A boon to rafters on the Tieton River and a hazard to a part of the Yakima River, the Yakima basin's annual flip-flop is getting under way.
Operators with the federal Bureau of Reclamation have started gradually cutting back on water in the upper arm of the Yakima River and replacing it with more water in the Tieton and Naches rivers.
It's done to avoid disturbing spring chinook salmon habitat in the upper reaches of the Yakima River, but still provide enough irrigation water for farmers downstream.
But what's good for fish is also good for rafters on the Tieton River. Every September, whitewater enthusiasts flock to the Tieton to take advantage of the wild rides created by that extra water.
Meanwhile on Wednesday, reclamation operators will begin sending water around sensitive spawning grounds on the upper Yakima.
Water diverted around the spawning area is dropped back into the river at a spillway in the Bristol Flats area between Ellensburg and Cle Elum.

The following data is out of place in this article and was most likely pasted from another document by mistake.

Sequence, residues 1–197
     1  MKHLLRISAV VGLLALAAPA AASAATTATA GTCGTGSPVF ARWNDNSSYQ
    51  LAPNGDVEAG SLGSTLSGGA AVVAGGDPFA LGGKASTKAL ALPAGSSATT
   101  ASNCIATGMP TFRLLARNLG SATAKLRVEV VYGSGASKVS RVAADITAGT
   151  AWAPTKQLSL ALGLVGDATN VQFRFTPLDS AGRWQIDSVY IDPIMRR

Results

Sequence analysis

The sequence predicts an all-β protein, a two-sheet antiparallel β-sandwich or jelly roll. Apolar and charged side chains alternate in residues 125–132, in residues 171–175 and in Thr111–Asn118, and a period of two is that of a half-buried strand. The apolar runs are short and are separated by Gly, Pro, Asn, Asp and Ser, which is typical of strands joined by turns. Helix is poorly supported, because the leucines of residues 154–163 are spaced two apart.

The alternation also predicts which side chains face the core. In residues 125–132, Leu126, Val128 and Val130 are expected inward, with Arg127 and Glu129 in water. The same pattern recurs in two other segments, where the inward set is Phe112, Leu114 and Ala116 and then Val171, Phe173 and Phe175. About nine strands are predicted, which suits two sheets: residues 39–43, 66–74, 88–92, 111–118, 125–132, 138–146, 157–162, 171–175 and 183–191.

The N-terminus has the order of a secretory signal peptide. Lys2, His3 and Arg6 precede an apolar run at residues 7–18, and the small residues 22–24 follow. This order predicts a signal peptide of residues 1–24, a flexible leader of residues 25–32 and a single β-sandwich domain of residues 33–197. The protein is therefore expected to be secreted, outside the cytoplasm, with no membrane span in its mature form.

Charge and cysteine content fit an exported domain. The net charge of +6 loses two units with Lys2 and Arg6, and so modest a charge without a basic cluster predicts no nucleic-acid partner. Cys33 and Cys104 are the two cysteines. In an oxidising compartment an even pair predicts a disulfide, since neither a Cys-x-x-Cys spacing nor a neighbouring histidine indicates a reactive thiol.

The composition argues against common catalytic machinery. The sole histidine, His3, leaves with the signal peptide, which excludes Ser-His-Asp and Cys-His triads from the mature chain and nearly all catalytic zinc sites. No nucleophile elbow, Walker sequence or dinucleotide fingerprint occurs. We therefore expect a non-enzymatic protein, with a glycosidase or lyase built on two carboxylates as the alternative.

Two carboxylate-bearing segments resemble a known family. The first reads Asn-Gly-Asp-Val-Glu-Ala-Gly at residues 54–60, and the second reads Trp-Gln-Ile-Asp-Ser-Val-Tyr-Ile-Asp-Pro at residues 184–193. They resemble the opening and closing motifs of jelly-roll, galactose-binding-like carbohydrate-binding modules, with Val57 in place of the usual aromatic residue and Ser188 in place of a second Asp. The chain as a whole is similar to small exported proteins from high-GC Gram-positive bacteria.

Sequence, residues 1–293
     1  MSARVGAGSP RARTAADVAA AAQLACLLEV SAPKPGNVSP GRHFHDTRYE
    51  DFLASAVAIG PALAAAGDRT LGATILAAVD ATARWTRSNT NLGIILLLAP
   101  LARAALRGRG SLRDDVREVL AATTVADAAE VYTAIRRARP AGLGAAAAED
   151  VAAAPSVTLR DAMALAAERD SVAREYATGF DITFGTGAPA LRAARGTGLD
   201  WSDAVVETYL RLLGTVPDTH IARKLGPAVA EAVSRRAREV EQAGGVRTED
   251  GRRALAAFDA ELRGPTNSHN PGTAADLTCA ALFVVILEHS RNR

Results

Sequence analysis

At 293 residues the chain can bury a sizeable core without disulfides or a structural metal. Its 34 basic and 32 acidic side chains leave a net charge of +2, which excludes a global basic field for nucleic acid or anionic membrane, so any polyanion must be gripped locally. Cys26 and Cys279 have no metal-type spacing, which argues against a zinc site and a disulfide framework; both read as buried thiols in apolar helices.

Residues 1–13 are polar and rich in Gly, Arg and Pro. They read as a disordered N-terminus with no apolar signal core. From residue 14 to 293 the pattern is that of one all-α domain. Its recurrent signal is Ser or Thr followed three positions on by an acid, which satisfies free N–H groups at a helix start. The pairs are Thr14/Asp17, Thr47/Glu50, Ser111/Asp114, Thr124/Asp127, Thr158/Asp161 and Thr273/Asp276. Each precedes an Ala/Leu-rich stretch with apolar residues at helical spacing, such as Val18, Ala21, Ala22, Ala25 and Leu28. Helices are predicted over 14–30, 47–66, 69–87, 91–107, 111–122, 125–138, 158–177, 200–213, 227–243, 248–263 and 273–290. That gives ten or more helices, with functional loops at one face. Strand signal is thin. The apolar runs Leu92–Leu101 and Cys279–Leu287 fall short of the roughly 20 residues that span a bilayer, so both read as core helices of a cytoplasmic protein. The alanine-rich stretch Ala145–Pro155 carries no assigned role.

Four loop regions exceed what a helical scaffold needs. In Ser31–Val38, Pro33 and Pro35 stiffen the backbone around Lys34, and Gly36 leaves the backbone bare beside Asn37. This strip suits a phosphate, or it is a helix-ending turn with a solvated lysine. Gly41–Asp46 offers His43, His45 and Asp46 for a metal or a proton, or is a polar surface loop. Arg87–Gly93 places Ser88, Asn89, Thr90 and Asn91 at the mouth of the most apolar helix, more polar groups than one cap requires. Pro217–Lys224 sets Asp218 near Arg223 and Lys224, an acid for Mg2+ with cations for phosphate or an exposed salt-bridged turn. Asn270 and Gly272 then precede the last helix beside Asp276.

The large volume of water shooting down the spillway creates dangerously turbulent waters as it falls back into the river. It caused the drowning death of a 6-year-old girl in 2001.
"You don't want to be around there," said Chuck Garner, river operations supervisor.
The bureau has since built ramps well above and below the spillway, allowing floaters to portage around it. Signs are also posted.
Deputies from the Kittitas County Sheriff's office sometimes patrol the area to make sure people steer clear, said Undersheriff Clayton Myers.
Also, there are always new natural hazards on the river, too, Myers said. Several new trees have fallen across the river and created entrapment risks, he said.
He advised all river users to "make sure you're familiar with the river and the hazards."